After months of speculation in 2022 about the anticipated increase to the UK’s SPA from 66 to 67 by 2028, the Department of Work and Pensions (DWP)’s second review of the SPA is set to conclude this year. Laura Trott MP (Pension Minister) has recently written to the Chair of the Work and Pensions Committee to confirm that we should expect to receive the Government’s independent reports ‘no later’ than the Government’s own pension report.
The second review will conclude in 2023 and is set to deliberate on whether the SPA rules are ultimately fitting to the varying life expectancies (and subsequent pension inequalities) across the nation.
As mentioned above, the UK’s current state pension age is 66 years of age. However, there are two expected increases to this – a rise to 67 by 2028 for those born on or after April 1960 and a subsequent rise to 68 between 2044 and 2046 for those born on or after April 1977.
The potential controversy in the Government increasing the state pension age is that doing so could arguably place certain individuals on unequal footing financially. Whilst the idea behind having an SPA is an attempt to ensure the receipt of state pensions is somewhat fair, there is an already acknowledged pension inequality gap due to varying life expectancies across the UK, varying abilities to work past the SPA and the consequent varying incomes. Therefore, if an individual is affected by the planned increase in state pension age and is unable to continue working beyond their set SPA, there is fear that raising the SPA to 67 will only widen the already-existing inequalities.
Moreover, some would argue that the UK’s state pension age is already set fairly high. For comparison, France is currently in talks to potentially raise their retirement age from 62 to 64.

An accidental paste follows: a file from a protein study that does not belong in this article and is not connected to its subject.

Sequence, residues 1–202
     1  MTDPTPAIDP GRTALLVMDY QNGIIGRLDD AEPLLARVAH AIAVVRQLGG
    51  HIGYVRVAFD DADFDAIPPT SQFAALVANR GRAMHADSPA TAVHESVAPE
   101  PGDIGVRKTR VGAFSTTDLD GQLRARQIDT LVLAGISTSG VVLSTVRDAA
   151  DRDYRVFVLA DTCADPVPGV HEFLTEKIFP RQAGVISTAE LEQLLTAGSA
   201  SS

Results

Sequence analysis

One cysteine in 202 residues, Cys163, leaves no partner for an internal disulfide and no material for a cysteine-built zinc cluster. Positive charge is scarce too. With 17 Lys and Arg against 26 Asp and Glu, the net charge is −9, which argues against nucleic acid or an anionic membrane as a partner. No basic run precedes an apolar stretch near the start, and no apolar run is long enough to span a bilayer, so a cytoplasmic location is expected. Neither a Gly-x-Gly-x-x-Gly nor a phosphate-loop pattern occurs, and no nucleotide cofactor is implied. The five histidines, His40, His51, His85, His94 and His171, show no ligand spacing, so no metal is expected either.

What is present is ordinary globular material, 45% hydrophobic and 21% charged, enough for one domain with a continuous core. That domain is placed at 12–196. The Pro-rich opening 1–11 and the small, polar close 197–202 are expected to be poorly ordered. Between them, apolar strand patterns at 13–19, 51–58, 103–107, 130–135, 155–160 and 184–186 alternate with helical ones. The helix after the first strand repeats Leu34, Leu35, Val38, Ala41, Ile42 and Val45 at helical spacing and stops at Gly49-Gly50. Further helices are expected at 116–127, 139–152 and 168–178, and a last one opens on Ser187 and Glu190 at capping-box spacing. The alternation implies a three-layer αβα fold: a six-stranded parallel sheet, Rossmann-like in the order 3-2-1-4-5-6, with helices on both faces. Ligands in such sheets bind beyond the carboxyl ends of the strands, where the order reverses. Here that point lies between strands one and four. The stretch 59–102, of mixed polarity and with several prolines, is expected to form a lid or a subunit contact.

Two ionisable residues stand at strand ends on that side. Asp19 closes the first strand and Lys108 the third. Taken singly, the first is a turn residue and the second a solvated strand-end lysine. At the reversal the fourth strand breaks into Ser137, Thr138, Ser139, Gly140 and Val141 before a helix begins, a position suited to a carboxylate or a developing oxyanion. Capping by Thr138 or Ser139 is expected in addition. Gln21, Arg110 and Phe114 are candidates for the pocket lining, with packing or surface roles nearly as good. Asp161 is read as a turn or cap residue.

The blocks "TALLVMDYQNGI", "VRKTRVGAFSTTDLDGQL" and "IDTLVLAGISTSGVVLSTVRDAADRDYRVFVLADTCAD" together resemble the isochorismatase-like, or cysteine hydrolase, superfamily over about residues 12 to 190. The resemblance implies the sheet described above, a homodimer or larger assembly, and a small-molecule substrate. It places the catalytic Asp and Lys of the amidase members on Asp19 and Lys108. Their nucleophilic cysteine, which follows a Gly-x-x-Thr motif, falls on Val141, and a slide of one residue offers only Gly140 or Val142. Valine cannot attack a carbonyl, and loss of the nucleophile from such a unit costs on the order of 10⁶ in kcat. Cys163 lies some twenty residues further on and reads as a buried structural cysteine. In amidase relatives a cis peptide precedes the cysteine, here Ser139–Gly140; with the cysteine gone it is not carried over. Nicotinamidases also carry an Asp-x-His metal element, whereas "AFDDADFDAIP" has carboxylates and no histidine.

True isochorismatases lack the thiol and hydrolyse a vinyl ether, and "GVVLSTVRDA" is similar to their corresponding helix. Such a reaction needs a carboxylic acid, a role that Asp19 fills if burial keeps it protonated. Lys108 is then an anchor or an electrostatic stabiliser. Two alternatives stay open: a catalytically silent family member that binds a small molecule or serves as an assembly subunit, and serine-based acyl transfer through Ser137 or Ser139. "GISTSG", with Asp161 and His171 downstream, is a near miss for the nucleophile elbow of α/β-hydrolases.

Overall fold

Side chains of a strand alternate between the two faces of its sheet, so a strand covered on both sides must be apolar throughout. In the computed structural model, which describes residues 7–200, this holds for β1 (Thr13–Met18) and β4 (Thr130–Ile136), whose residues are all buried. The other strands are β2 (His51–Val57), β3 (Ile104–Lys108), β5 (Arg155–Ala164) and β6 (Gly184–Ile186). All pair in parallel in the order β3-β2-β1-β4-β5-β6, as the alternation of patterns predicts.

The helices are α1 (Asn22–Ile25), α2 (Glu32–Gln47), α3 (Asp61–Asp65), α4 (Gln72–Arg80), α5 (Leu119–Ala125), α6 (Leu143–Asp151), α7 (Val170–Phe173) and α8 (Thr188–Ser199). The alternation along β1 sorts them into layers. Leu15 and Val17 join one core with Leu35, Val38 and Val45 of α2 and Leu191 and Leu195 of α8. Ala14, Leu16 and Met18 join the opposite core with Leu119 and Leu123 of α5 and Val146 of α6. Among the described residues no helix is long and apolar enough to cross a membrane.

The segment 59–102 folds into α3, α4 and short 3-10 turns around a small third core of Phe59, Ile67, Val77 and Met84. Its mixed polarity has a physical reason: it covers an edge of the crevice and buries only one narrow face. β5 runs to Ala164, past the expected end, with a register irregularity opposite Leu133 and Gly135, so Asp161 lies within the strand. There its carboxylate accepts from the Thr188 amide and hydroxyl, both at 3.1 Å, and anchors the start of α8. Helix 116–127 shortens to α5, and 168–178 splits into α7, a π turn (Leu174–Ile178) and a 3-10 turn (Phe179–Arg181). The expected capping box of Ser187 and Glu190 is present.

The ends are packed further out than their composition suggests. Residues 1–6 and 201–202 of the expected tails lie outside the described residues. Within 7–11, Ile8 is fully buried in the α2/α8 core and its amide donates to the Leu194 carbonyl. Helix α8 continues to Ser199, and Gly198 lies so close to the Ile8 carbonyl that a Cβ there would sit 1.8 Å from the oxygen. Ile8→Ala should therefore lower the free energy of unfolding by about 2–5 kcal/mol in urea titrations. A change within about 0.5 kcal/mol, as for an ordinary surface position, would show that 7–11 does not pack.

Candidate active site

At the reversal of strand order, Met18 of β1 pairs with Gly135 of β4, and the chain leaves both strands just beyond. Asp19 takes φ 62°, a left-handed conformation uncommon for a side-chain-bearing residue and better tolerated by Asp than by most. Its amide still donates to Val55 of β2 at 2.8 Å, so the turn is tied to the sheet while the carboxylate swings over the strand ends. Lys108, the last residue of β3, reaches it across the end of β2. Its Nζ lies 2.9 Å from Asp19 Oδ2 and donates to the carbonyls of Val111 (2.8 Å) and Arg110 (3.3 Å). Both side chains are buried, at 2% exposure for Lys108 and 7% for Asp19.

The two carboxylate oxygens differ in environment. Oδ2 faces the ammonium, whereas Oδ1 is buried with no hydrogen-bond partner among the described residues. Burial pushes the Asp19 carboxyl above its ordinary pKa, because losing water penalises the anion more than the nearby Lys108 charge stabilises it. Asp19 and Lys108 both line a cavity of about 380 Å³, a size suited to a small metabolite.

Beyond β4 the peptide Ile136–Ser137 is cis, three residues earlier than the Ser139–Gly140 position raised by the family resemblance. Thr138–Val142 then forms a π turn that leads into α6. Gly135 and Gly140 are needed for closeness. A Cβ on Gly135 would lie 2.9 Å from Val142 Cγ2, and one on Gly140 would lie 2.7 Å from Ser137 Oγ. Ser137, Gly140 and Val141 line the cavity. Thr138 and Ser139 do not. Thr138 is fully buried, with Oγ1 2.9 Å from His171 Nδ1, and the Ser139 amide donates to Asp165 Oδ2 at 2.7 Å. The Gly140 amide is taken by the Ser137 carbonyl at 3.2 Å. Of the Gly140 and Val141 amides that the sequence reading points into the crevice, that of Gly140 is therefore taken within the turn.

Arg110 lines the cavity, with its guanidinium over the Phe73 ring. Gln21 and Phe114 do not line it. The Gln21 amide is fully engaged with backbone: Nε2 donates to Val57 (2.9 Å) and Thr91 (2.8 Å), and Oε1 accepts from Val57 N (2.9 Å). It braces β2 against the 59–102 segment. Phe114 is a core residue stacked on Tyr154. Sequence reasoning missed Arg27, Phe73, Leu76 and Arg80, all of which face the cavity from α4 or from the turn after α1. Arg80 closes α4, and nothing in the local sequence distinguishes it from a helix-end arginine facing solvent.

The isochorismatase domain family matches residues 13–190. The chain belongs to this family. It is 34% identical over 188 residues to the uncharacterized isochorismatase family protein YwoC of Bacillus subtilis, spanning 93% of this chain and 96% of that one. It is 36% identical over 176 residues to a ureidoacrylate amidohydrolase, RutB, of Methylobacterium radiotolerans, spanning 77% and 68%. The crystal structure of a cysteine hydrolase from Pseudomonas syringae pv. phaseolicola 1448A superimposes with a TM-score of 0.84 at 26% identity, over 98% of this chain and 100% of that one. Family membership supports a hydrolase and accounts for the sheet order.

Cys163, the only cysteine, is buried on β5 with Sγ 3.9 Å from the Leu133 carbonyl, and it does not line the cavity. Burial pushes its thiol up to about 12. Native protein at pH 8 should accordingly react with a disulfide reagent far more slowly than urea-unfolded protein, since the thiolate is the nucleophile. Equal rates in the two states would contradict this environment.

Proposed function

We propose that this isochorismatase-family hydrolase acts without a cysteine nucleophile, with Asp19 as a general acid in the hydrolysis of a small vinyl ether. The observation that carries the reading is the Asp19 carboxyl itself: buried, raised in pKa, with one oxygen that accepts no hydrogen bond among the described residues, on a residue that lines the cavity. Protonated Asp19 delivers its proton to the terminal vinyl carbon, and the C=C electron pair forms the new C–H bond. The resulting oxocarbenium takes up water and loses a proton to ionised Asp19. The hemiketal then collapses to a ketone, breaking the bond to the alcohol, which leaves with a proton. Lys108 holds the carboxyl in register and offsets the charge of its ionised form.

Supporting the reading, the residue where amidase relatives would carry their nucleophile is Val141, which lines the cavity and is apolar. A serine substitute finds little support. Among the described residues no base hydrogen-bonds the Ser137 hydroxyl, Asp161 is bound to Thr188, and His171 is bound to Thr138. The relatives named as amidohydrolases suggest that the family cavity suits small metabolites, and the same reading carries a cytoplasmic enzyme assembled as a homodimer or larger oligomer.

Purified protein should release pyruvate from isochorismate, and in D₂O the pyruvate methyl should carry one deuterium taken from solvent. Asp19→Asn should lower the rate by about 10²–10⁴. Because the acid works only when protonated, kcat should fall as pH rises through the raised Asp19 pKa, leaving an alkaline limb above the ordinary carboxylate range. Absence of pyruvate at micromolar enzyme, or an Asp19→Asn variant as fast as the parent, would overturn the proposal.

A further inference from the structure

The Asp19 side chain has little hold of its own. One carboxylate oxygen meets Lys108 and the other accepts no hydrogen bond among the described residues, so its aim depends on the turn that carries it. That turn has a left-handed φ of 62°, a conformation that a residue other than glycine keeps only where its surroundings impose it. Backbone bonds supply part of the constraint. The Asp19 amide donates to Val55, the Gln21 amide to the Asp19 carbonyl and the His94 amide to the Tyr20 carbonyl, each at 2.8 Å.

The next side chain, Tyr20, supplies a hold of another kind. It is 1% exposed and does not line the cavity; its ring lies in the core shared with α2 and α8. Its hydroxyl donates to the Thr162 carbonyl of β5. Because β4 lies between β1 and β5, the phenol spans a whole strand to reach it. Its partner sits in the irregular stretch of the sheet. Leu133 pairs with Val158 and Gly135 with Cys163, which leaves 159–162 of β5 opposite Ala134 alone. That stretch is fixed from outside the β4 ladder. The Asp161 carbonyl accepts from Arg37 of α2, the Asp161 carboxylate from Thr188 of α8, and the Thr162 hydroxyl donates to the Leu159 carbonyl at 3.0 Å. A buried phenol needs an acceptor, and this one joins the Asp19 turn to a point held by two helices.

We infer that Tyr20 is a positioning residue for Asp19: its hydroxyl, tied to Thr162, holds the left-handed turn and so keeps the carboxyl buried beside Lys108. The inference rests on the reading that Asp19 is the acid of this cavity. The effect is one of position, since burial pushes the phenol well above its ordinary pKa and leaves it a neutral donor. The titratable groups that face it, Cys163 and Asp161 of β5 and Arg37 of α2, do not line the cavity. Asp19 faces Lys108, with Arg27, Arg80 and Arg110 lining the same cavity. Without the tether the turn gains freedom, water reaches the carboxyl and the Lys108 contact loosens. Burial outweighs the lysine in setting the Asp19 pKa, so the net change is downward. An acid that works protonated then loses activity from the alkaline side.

Therefore, there is a movement for individuals to be savvier with their savings and ensure that they have other means of income to substitute their state pension entitlement. For example, as many are aware, the Government introduced workplace pension schemes in 2012 where it became law for employers to automatically enrol all eligible employees into a designated workplace pension scheme. Your employees will be eligible for automatic enrolment into your workplace’s chosen pension scheme if:
The minimum contribution percentage is 8%, made up as follows:
Whilst employees can opt out of a workplace pension scheme, it is another form of income when planning ahead for retirement. Additionally, employees can increase their contributions to their workplace pension if they choose.
Some workplaces have a salary sacrifice pension scheme for their employees, where employees can set aside more than their statutory minimum contribution into their workplace pension fund without that set amount attracting income tax or National Insurance. In these schemes, employers may also choose to contribute more than their legal obligations too.
Our employment team have a vast experience of assisting employers with queries on their obligations to employees. If you are interested in any updates in this movement or need some bespoke advice about a specific situation please do not hesitate to get in touch.